Throwing It All Out the Window? Not quite — but Convening Leaders 2012 was marked by continued innovation and risk-taking. W
hen your annual meeting features a plenary speaker who advises your audi-
ence to take everything they know about the way they conduct their business and throw it out the window, it’s clear that playing it safe is not your meeting’s prevailing strategy. That’s exactly what TED founder Rich-
ard Saul Wurman did at PCMA’s Convening Leaders last month in San Diego: Encourage meeting professionals to completely redesign their events — and in a not-so-subtle way. And no, this isn’t an example of a speaker throw- ing the host organization for a loop at the last minute. We knew from the get-go that Wurman would challenge our attendees, because when Convene Executive Editor Christopher Durso interviewed him for our October issue (http:// bit.ly/Convene-Wurman), he told Chris that he found most meetings to be terrible. That’s why we asked him speak. In fact, all of our keynote speakers were handpicked for their ability to challenge the status quo, to bring unique perspectives to the table and attendees to the forefront of burning issues. Each year, we make it our business to design
a Convening Leaders environment in which participants will learn and connect in surprising and unusual ways. We take risks. We innovate. This year was no different. We completely upended our traditional program, allowing at- tendees to customize a schedule that was best for them. Breakout sessions were different lengths, and general sessions were held at different times. The Virtual Edge Summit was integrated into the program, making it easy for attendees to get to sessions on virtual and hybrid events. We also enhanced the Learning Lounge with more opportunities to catch bite-sized sessions and extended hours. At any time other than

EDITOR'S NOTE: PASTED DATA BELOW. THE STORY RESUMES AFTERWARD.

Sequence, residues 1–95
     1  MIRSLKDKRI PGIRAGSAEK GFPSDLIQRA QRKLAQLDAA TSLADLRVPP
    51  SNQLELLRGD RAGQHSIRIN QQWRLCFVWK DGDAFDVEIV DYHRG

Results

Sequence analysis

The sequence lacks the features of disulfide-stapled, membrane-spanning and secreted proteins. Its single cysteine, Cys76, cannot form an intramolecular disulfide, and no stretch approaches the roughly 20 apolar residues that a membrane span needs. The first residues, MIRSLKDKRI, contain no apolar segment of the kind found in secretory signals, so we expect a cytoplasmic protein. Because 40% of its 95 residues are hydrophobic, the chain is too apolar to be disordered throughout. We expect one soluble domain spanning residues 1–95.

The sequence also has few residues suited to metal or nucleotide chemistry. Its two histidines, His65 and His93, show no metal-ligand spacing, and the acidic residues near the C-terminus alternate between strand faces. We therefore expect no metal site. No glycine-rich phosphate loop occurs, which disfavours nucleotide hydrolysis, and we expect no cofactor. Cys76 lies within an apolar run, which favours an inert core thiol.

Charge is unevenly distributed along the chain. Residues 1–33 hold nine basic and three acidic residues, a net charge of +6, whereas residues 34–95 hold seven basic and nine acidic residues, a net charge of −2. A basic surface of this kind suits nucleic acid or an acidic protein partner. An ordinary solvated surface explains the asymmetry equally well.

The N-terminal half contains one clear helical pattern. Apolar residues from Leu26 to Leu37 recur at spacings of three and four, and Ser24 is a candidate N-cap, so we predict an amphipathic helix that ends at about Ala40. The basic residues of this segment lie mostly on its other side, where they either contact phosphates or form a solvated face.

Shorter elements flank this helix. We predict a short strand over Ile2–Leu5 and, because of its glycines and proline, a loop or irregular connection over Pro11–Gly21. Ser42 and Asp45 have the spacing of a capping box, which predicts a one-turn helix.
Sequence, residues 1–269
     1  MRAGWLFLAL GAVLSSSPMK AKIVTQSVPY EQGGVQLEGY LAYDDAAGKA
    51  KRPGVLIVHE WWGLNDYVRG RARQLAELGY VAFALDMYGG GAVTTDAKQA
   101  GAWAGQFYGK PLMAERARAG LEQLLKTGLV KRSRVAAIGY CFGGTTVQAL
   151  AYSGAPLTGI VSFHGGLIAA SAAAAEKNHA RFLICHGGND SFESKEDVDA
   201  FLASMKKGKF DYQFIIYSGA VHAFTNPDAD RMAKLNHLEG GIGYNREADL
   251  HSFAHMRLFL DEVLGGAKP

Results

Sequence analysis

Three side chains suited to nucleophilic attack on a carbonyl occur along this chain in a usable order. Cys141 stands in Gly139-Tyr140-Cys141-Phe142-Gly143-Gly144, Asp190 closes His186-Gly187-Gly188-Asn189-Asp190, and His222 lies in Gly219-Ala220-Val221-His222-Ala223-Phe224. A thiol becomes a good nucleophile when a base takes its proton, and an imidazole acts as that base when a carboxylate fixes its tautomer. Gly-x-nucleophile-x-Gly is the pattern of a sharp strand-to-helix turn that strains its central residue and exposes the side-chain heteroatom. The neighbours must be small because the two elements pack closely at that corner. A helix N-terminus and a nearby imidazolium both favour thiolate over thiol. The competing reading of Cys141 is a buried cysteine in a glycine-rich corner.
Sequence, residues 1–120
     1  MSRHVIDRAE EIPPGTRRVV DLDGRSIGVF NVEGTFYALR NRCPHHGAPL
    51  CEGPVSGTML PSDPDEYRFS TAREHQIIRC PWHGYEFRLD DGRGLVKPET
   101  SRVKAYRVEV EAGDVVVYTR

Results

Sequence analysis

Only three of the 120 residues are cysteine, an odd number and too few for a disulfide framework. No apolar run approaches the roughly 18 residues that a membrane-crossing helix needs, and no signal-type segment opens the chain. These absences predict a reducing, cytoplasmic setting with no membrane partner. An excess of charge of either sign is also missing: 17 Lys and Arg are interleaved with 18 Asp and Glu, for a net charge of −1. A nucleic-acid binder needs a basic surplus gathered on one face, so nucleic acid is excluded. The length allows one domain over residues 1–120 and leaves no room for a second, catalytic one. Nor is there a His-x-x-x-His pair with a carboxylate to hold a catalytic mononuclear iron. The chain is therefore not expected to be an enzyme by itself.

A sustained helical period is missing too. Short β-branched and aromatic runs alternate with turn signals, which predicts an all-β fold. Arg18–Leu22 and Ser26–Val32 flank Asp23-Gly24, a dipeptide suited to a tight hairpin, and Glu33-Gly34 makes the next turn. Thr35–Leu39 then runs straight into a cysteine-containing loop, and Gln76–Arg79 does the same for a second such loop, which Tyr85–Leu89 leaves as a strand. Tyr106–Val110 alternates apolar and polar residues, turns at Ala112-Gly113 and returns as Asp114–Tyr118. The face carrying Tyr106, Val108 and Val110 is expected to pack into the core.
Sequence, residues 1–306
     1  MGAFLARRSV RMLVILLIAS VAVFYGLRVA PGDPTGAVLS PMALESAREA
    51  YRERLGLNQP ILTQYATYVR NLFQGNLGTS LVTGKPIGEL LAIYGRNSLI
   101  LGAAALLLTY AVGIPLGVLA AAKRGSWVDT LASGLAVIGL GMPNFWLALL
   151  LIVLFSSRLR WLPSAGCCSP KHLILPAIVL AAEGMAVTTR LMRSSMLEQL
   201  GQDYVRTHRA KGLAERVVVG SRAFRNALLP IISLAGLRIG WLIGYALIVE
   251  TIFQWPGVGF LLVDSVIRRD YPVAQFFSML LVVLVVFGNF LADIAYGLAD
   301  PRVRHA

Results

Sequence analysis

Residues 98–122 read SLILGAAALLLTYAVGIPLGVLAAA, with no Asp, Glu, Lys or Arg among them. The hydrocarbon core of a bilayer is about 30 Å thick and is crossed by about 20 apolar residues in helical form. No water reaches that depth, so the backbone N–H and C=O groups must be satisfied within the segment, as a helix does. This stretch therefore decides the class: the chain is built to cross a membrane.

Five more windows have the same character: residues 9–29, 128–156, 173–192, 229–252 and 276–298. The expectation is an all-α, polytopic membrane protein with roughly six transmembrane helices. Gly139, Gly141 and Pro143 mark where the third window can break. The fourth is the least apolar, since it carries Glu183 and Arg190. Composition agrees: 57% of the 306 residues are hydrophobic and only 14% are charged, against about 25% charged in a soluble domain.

8 pcma convene February 2012
during general sessions or luncheons, attendees could weave through the Lounge to sit in on 15-minute presentations, participate in informal group discussions, try their hand at new tech- nology tools, and meet up with their peers. And we changed the formula for our general sessions and luncheons by moving the bulk of association business to a brand-new Town Hall Meeting, which also allowed our volunteer leaders to interact with participants. We also expanded our virtual presence with
a full-fledged hybrid meeting that included an online moderator, an active chat room, and expanded educational offerings. More than 600 people took part in the hybrid meeting, extend- ing our reach around the world.
PCMA is relatively new to the virtual events arena, but our leadership feels strongly that we must take risks in this area on your behalf. When meeting professionals participate in our virtual events, not only do they directly benefit from new insights, ideas, and contacts that are shared, they get to sit in the attendee seat. They see first-hand what their members or stakehold- ers would experience with the virtual events they might produce, and get a better sense of how they can complement their face-to-face meetings. I’m pleased to report that our own virtual events are paying off for our face-to-face meet- ings — 112 people registered for Convening Leaders 2012 as a result of their participation in a PCMA virtual event. Our overall attendance in San Diego came close to record numbers. Did everything at Convening Leaders work perfectly? Of course not. That’s not realistic. Nonetheless, you can count on us to continue to push the envelope in the coming year. n
VOLUNTEERISM: PCMA wouldn’t be the strong organiza- tion it is without our volunteer mem- bers, nor would the Convening Leaders program be nearly as successful without the hard work of our Annual Meeting Program Commit- tee. We’re fortunate to benefit from the expertise of our volunteers. If you work with volun- teers at your own organization, you’ll want to read our CMP Series cover story (p. 46) and this month’s People & Processes column (p. 40) for advice on how to draw on their talents while making the time they contribute to your organization valu- able for them.